President Lincoln’s General Orders No. 100, also known as the Lieber Code of 1863, set clear rules for engaging with enemy combatants. But the code also clarified how Union soldiers should treat civilians, and in particular women. Largely forgotten today, the Lieber Code established strict laws regarding an issue that was everywhere and nowhere in the consciousness of the Civil War: wartime rape.
Three articles under Section II declared that soldiers would “acknowledge and protect, in hostile countries occupied by them, religion and morality; strictly private property; the persons of the inhabitants, especially those of women” (Article 37); that “all robbery, all pillage or sacking, even after taking a place by main force, all rape, wounding, maiming, or killing of such inhabitants, are prohibited under the penalty of death” (Article 44); and that “crimes punishable by all penal codes, such as … rape, if committed by an American soldier in a hostile country against its inhabitants, are not only punishable as at home, but in all cases in which death is not inflicted the severer punishment shall be preferred” (Article 47).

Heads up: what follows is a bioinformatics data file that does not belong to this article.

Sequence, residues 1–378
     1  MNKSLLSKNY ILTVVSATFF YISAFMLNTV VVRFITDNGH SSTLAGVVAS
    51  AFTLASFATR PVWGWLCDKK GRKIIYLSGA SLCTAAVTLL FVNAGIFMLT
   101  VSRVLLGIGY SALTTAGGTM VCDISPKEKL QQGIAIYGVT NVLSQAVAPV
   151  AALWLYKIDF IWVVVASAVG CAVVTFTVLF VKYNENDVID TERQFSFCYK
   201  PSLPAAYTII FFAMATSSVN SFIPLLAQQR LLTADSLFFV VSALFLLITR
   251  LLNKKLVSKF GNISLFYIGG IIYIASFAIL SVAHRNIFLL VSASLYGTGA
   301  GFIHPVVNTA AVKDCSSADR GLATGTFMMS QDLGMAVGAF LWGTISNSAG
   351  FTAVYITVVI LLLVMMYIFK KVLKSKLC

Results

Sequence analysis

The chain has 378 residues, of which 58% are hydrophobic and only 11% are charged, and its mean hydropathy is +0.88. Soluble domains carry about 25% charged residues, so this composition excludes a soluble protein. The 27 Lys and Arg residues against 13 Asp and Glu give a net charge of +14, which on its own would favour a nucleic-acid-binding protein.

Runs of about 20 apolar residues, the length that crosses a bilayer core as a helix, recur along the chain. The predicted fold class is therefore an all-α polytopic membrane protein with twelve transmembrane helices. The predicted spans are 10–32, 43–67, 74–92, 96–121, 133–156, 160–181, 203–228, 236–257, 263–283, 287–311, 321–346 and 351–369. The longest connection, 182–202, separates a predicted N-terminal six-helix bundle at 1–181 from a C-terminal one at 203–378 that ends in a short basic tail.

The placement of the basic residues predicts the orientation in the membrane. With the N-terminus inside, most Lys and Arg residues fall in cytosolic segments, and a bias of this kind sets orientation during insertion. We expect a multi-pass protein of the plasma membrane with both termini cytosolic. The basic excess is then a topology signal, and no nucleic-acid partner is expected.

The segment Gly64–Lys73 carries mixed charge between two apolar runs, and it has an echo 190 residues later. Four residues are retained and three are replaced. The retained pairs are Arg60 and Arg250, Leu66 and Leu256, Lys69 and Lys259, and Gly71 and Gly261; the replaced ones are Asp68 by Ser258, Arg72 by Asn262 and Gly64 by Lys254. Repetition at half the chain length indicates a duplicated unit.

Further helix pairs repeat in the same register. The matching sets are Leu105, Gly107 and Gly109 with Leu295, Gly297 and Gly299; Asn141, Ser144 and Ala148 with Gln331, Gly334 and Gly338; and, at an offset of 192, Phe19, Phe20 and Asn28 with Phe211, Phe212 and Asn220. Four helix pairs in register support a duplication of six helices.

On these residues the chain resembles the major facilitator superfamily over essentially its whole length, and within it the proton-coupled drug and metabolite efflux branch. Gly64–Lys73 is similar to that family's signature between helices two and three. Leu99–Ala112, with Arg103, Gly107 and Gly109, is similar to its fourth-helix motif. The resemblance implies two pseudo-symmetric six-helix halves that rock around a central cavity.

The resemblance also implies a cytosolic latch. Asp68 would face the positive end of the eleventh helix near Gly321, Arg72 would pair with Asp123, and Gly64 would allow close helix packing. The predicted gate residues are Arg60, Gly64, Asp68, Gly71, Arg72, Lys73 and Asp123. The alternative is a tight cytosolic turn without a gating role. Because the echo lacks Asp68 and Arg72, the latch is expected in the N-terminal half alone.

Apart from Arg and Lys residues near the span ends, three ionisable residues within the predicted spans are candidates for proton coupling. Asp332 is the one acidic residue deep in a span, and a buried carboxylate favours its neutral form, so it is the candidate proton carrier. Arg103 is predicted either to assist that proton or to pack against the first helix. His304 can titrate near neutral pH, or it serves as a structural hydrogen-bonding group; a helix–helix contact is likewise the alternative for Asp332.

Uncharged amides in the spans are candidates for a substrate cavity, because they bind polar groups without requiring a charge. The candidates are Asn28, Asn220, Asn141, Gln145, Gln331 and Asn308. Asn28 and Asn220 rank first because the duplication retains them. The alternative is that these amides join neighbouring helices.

Together the articles conceived and defined rape in women-specific terms as a crime against property, as a crime of troop discipline, and as a crime against family honor. Most significantly, the articles codified the precepts of modern war on the protection of women against rape that set the stage for a century of humanitarian and international law.
Such explicit prohibition was necessary, because even after the code was in place, sexual violence was common to the wartime experience of Southern women, white and black.